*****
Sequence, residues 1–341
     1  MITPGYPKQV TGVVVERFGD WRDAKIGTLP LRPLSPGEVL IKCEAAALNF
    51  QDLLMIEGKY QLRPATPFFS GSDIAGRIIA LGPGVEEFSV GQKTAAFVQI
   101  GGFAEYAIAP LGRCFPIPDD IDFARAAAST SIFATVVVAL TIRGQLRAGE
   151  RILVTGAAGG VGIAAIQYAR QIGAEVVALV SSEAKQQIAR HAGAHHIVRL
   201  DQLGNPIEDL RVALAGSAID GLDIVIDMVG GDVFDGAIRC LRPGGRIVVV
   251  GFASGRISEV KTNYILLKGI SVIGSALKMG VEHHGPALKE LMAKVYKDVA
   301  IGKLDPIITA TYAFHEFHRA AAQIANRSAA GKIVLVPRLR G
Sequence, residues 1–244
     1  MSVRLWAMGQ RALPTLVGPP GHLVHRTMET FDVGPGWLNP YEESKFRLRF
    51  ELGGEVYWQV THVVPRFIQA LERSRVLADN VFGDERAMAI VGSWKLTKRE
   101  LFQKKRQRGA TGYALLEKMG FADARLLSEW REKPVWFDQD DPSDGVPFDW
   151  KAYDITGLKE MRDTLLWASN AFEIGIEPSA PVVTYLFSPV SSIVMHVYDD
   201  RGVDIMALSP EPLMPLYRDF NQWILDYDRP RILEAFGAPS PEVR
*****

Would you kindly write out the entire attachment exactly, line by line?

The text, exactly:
Sequence, residues 1–341
     1  MITPGYPKQV TGVVVERFGD WRDAKIGTLP LRPLSPGEVL IKCEAAALNF
    51  QDLLMIEGKY QLRPATPFFS GSDIAGRIIA LGPGVEEFSV GQKTAAFVQI
   101  GGFAEYAIAP LGRCFPIPDD IDFARAAAST SIFATVVVAL TIRGQLRAGE
   151  RILVTGAAGG VGIAAIQYAR QIGAEVVALV SSEAKQQIAR HAGAHHIVRL
   201  DQLGNPIEDL RVALAGSAID GLDIVIDMVG GDVFDGAIRC LRPGGRIVVV
   251  GFASGRISEV KTNYILLKGI SVIGSALKMG VEHHGPALKE LMAKVYKDVA
   301  IGKLDPIITA TYAFHEFHRA AAQIANRSAA GKIVLVPRLR G
Sequence, residues 1–244
     1  MSVRLWAMGQ RALPTLVGPP GHLVHRTMET FDVGPGWLNP YEESKFRLRF
    51  ELGGEVYWQV THVVPRFIQA LERSRVLADN VFGDERAMAI VGSWKLTKRE
   101  LFQKKRQRGA TGYALLEKMG FADARLLSEW REKPVWFDQD DPSDGVPFDW
   151  KAYDITGLKE MRDTLLWASN AFEIGIEPSA PVVTYLFSPV SSIVMHVYDD
   201  RGVDIMALSP EPLMPLYRDF NQWILDYDRP RILEAFGAPS PEVR